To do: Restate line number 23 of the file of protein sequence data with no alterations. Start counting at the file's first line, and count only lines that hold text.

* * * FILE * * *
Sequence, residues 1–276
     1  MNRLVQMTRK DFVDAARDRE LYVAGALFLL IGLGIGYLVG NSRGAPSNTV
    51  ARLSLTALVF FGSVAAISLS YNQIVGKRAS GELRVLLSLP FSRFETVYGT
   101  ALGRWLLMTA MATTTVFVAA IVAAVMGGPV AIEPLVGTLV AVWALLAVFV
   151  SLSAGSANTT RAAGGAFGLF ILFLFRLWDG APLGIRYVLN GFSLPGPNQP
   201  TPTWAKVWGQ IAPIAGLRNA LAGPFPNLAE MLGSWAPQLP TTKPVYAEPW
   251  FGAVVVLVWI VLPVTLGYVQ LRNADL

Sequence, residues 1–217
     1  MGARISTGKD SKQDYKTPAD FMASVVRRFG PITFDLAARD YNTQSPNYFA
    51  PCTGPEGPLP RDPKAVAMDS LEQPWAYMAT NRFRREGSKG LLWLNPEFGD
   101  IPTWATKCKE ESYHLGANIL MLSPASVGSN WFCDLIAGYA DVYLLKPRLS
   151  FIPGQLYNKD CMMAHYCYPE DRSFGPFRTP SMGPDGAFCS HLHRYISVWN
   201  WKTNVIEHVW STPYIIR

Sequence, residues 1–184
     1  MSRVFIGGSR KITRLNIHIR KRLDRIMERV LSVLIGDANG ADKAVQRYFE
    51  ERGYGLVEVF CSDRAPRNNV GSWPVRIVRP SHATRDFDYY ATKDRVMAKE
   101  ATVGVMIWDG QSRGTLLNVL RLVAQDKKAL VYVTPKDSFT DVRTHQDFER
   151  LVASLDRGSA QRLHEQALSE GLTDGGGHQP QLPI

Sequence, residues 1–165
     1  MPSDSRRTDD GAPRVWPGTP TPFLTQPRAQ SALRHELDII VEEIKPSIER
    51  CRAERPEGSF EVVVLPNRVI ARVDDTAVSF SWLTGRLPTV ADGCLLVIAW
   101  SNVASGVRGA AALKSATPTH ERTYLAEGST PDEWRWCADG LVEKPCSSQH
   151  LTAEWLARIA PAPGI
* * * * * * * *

   151  LTAEWLARIA PAPGI